Page 1 of 1

FS-01-1955-101 LHC

Posted: Fri Mar 17, 2017 12:48 am
by mhonzell
In 1955, 33,058,000 Lincoln Wheat Cents were made. On one night. On one pair of dies, 40,000 of those Wheat Cents would make history. The Mint worker didn't catch the problem until in the morning after all those coins were mixed together from all of the presses. They worked frantically to remove what they could find, and then gave up with a "Who would notice?" Leaving ~20,000 error coins to be put into circulation.

You see, in 1955, mint errors were considered imperfections and of no value to coin collectors. But, it wasn't coin collectors who found them. Instead, the coins had been shipped to a cigarette dealer where two cents were placed inside the plastic liner around a pack of cigarettes. These were placed in cigarette vending machines and given as change for the pack that cost 23 cents, but the machine required a quarter.

By 1956, a group came together to aid the new found hobby of collecting error and variety coins. That group was called simply Collectors of Mint Errors (COME). Infighting led to the group disbanding and later creating two groups: Collectors of Numismatic Errors (CONE) and Numismatic Error Collectors of America (NECA). They existed as rivals, but finally came together to form the group we know: Combined Organizations of Numismatic Error Collectors of America (CONECA).

My latest acquisition... one of my dream coins.
Fivaz Stanton Numbers: Old FS-1-021.8 New FS-01-1955-101
Breen: 2214
Coneca: 1-o-I
Crawford: CDDO-001
Wexler: WDDO-001
Coppercoins: 1955P-1DO-001

Nicely toned on the obverse with a small showing of color. Some wood graining on the reverse. One tiny carbon spot to the right of Lincoln's chin.
(White scratches are in the plastic encapsulation.)

There are many counterfeits so look for the die markers on the reverse, as well. Two small, parallel polish marks hanging from the left side of the T in CENT. Depending on die state, three small, parallel polish marks rising from the lower loop of the C in CENT, and one polish mark rising from the lower bar on the E in CENT.

Re: FS-01-1955-101 LHC

Posted: Fri Mar 17, 2017 6:29 am
by PetesPockets55
Congratulations Mark. Very nice coin. I think that one is certainly on most collectors bucket list. (I guess Missouri is working out for you!!! happydance: ) Were you able to get it privately or did you have to go the auction route?
And thanks again for the background on this error. I didn't realize the mint caught the error "in house" although I have heard that a lot were released in New England (Maine?) through Chase Bank in New York. Which is why 1955 rolls in Chase wrappers are perceived to be worth a premium (as if any rolls remain truly unsearched).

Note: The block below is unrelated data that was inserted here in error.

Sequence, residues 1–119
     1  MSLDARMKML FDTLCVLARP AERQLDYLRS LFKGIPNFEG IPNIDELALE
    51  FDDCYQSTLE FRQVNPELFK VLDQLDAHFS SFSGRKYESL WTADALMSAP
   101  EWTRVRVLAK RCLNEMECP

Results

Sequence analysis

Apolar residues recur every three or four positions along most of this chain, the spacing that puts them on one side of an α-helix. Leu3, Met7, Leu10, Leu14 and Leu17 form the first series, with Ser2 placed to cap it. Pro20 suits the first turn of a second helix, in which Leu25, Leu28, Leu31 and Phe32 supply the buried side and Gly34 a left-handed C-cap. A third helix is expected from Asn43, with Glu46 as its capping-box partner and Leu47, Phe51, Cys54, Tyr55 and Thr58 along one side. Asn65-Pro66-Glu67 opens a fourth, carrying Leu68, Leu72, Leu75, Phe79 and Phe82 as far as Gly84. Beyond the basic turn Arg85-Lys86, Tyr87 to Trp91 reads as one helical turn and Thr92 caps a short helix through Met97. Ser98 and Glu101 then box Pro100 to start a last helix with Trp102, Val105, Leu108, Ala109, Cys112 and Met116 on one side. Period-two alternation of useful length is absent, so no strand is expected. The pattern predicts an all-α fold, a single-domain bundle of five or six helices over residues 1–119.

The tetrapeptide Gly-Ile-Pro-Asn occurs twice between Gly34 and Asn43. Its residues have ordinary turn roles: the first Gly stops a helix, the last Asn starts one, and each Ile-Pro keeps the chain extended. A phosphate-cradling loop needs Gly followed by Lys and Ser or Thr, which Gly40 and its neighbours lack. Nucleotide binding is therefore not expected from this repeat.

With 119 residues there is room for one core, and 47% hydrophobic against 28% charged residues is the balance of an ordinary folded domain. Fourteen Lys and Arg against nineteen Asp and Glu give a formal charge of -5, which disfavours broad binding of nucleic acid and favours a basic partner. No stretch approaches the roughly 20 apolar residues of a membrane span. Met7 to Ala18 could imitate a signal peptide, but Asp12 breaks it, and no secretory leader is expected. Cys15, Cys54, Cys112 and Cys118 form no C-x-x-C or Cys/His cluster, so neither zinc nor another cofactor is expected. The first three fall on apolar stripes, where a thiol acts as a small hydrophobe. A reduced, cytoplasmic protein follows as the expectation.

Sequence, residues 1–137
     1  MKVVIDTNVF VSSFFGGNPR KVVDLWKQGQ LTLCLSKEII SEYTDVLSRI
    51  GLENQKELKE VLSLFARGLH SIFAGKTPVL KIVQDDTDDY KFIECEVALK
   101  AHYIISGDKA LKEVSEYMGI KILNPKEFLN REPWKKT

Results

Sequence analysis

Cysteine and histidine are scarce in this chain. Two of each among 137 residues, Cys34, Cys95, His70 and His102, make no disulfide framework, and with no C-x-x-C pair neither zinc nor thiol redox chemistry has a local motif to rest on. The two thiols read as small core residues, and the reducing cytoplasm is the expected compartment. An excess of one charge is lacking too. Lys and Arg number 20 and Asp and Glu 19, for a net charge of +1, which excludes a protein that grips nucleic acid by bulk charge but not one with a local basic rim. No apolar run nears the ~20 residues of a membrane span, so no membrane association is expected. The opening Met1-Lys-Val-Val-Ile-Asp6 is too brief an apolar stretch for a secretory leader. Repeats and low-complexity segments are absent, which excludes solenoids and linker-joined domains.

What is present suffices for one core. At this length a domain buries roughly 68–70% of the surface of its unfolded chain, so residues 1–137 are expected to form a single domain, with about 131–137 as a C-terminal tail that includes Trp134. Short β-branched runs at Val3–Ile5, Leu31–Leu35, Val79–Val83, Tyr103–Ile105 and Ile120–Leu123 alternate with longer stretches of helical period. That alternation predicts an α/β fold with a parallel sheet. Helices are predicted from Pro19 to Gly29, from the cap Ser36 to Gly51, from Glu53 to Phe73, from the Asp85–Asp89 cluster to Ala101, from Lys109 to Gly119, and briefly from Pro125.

Re: FS-01-1955-101 LHC

Posted: Fri Mar 17, 2017 10:35 am
by mhonzell
My story reads a bit as if the coins went directly to the cigarette dealer. As you stated, they went to a bank first.

Based on my research, I got a good deal, but not much less than recently recorded auction house sales. Tempted to take it to a dealer to send it in to PCGS. The current holder has some of those milky missing chips in the viewing area and a lot of those fine line scratches I can't seem to get out. But, never know what grade you'll get back. Not that it matters too much. In hand, it has really nice luster, but a couple noticeable contact marks on the reverse.

Re: FS-01-1955-101 LHC

Posted: Fri Mar 17, 2017 6:51 pm
by Daniel
Very nice coin and write up.

Re: FS-01-1955-101 LHC

Posted: Fri Mar 17, 2017 7:34 pm
by PALH1
:greatfind:

Re: FS-01-1955-101 LHC

Posted: Fri Mar 17, 2017 8:16 pm
by Daniel
One thing I should add is that there were some other varieties that began the error/variety movement and that was the 1922 No D and the Three Leg Buffalo. I have a coin collector's check list and it includes these two coins but not the 1955 DDO, and it's dated 1968. However, no one cared about doubled dies until 1955 DDO was discovered and made the news.

I know my dad started collecting when he realized the 1950-D he could find in his changed was worth more than face value and he started buying and selling coins in 1954. Interesting history and information when you start digging.